Table of Contents

Handbook of Ecological Economics

Handbook of Ecological Economics

Edited by Joan Martínez-Alier and Roldan Muradian

This Handbook provides an overview of major current debates, trends and perspectives in ecological economics. It covers a wide range of issues, such as the foundations of ecological economics, deliberative methods, the de-growth movement, ecological macroeconomics, social metabolism, environmental governance, consumer studies, knowledge systems and new experimental approaches. Written by leading authors in their respective areas of specialisation, the contributions systematize the “state of the art” in the selected topics, and draw insights about new knowledge frontiers.

Chapter 13: From conventional economics to complexity in social dilemmas: lessons from CPR experiments in the lab and the field

Juan Camilo Cárdenas

Subjects: economics and finance, environmental economics, environment, ecological economics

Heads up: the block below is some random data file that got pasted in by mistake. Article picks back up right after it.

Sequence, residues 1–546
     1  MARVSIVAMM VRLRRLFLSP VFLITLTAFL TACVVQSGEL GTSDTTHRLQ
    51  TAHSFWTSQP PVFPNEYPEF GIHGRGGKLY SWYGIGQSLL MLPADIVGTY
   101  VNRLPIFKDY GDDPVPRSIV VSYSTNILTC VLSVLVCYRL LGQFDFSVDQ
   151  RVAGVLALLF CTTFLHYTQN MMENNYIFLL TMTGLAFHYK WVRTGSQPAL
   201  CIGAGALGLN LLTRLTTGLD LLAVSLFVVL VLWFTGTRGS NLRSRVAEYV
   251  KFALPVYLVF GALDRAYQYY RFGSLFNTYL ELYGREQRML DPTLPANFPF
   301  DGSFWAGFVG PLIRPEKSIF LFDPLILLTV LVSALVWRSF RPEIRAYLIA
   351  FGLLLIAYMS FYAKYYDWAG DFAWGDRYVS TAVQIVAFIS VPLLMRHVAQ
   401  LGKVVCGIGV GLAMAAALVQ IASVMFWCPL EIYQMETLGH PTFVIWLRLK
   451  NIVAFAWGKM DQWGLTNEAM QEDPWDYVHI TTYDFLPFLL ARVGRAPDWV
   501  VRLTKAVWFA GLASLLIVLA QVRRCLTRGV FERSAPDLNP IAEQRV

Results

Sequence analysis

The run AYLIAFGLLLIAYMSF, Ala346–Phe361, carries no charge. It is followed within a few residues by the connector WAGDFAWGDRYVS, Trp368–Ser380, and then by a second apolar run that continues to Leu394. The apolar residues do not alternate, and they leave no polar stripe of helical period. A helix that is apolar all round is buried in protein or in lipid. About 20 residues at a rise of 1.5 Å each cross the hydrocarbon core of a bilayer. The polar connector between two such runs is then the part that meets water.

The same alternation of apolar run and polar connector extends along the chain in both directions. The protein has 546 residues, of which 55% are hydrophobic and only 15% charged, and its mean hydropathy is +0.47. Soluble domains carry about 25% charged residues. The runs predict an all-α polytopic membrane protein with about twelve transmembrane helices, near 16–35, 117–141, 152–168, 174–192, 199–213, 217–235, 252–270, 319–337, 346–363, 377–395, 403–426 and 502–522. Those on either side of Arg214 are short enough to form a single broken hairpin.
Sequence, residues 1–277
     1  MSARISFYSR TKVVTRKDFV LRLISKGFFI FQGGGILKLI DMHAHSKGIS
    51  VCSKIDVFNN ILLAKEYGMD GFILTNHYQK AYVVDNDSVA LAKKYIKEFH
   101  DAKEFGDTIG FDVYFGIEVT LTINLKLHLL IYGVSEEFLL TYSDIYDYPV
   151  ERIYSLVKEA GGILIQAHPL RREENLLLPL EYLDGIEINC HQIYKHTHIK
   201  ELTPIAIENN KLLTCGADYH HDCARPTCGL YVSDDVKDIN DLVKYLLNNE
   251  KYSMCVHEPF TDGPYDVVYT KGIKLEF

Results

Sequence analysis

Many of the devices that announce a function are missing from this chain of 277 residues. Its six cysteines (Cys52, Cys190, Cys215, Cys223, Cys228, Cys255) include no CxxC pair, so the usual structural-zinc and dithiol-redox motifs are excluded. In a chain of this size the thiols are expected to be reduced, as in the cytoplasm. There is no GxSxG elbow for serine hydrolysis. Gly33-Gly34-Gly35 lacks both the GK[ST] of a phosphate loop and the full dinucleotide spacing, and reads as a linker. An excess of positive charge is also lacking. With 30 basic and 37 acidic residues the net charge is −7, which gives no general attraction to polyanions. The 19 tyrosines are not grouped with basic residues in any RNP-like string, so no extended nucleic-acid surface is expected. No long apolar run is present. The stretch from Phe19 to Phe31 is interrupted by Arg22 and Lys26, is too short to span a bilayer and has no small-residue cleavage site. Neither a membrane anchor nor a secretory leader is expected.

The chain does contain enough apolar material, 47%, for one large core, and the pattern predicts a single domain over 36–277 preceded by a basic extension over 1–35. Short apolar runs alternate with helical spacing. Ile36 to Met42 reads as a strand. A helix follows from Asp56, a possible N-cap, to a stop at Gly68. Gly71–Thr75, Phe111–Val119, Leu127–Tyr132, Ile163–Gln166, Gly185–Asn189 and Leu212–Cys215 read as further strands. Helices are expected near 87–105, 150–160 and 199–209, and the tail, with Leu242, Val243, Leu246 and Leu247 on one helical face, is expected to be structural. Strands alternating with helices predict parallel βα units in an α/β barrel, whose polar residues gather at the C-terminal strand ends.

Ecological systems and social systems interact primarily through decisions taken by humans, determining on the one hand both private and collective outcomes perceived by these individuals, but also affecting the natural and social environment around them. However, the benefits and harms created by these individual actions are not captured only by those who caused it but also by the rest of society and those in future generations, none of whom were consulted about these impacts. Moreover, these human decisions affect the possibility that this ecosystem will continue to be able to provide more environmental goods and services for those individuals and others over time. This chapter focuses on the analysis of human decisions and how they determine – and are determined by – these interactions between social and ecological systems. The progress made by behavioral sciences over the last decades and the tools provided by experimental economics offer us a much better picture today about the decision-making process of individuals who, surrounded by their natural and institutional environments, respond to various material and non-material incentives. Schematically we can illustrate these interactions in Figure 13.1.

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